• Vinegar and botanical extracts. Most vinegar (including white, red wine, balsamic, apple cider, and rice) and alcohol-based botanical extracts (like vanilla, lemon, or lavender) are allowed. (Just not malt-based vinegar or extracts, which will be clearly labeled as such, as they contain gluten.)
  • Coconut aminos. All brands of coconut aminos (a brewed and naturally fermented soy sauce substitute) are acceptable, even if you see the words “coconut nectar” or “coconut syrup” in their ingredient list.
  • Salt. Did you know that all iodized table salt contains sugar? Sugar (often in the form of dextrose) is chemically essential to keep the potassium iodide from oxidizing and being lost. Because all restaurants and pre-packaged foods contain salt, salt is an exception to our “no added sugar” rule.


Your only job during the Whole30 is to focus on making good food choices. You don’t need to weigh or measure, count calories, restrict calories, or purchase everything organic or grass-fed. Your only job is to stick to the Whole30 rules for 30 straight days… no cheats, no slips, no “special occasions.”

It’s only 30 days. It’s for you.

5 Things To Know Before Starting Whole30

Whole30 Recipe Inspiration

New Year = New Me: (ECO)nstructive Resolutions for 2020

New Year = New Me (ECO)nstructive Resolutions for 2020


FTN is trying to rid the world of single-use plastic one straw, grocery bag, and roll of cling film at a time. We’ve run campaigns trying to educate consumers of the effects plastic waste has on the environment. Earlier this year, Capetonians met a fish named Faithful at the V&A Waterfront. The 4.5m-long by 2.5m-high installation was intended to show the public that plastic ends up in the ocean and pollutes our marine life.

We don’t just talk the talk, we walk the walk too. 

Giving up plastic entirely is incredibly tough – our whole world has built around the use thereof – but times are changing, one product at a time, and this means that – so can you. Bring your awareness to the ways in which we use and interact with plastic is an incredibly mind-opening experience. Starting with some of the main (and easy to tackle culprits) like a takeaway coffee cups is and great start. And from there the use of plastic products, in general, will start to drop drastically – and logically. It’s not impossible. One of our Faithful journo’s has some practical and actionable tips on how to replace single-use products with more sustainable ones. 

REMEMBER: when you get rid of your plastic items, do so responsibly. If there’s a way to repurpose them, then do so, if not then definitely recycle.


For some reason, we’ve stopped talking about the devastating fire that consumed California and the Amazon for weeks. And now, Australia is experiencing fires on an even larger and more catastrophic level. The belt of forest in the Amazon can be seen as the earth’s lungs and we need to consider how to deal with the aftermath because when we lose it, we will begin to feel the effects of our CO2 emissions in distressing ways.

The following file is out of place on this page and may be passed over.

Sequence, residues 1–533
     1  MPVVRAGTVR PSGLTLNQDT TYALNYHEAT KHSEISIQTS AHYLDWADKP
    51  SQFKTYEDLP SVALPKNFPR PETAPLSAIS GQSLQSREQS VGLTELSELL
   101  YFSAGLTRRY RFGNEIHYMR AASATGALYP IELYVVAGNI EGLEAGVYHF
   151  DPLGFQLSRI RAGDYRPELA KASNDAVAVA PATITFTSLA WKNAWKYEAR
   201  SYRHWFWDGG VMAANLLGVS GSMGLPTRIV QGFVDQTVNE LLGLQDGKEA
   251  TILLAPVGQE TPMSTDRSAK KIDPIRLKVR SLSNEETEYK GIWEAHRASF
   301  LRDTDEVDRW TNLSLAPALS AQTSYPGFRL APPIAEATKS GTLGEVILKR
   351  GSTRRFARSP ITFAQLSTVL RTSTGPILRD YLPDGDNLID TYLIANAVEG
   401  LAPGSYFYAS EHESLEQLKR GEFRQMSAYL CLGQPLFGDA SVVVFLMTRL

Planting a single tree might not save the world, but if we all decide to sow a single seed, we are investing in our future.

In Mozambique there were mango trees lining the streets and, it being summer, the fruits were ripe enough that any passing pedestrian could pick to their heart’s delight. Why not cultivate a fruit of vegetable plant until it becomes a seedling, then re-pot it in municipal land that is accessible to the public. It might take a year or two to bear fruit, but when it does, homeless people will have the option of feeding themselves something nutritious. While it is developing, your little project will be doing its part to inhale carbon dioxide and exhale breathable air for humans. A bonus is that the humble honey bee has something to pollinate and there is nectar for it to feed on, who knows how many organisms your initial action will be helping.


Eco-shaming is a bit of new concept but you get the idea. We have walked around for long enough politely letting people know what kind of reckless behaviour is no longer appropriate for the successful growth of the earth. It is time the politeness goes out the window. The plight of the planet is now fully known, we’ve been singing this song for long enough for ignorance to no longer be a thing. And furthermore, the plight of the planet is a shared one. It requires collective thinking and action to create the shift needed.

So you no longer need to worry about the awkward moments created or the demoralising interactions shared with retailers who refuse to accept any responsibility. 

Show people how and continue to educate with the eco-fire that is needed to set our hearts and actions alight. We don’t have the time to place and shift blame as to who is responsible for the state of our planet. We have to act. Right now. Collectively.

Educate your loved ones and you’ll be amazed at what they begin to do with the information. 


Full cups overflow. When you are at your best, you are your best for those around you. The planet needs your best efforts. Don’t wait until your burnout to get help, you’ll only end up reaching for quick-fix solutions that aren’t sustainable for yourself or the planet. 

Have you considered incorporating micro self-care practices into your day-to-day? Something like spending just one hour a day outside. And not outside as in dashing from my apartment to the deli downstairs for a cup of hot chocolate or waiting five minutes at the MyCiti stop. No, I intentionally put my phone on aeroplane mode and spend 60 uninterrupted minutes walking along the R27. It’s mostly at sunset because the view of Table Mountain across the bay is magnificent. The fresh air and Vitamin D make my lungs and skin happy. The cardio gets my muscles working; I also get a healthy dose of endorphins and dopamine. It’s all absolutely free and beats wasting electricity binging Netflix on the couch.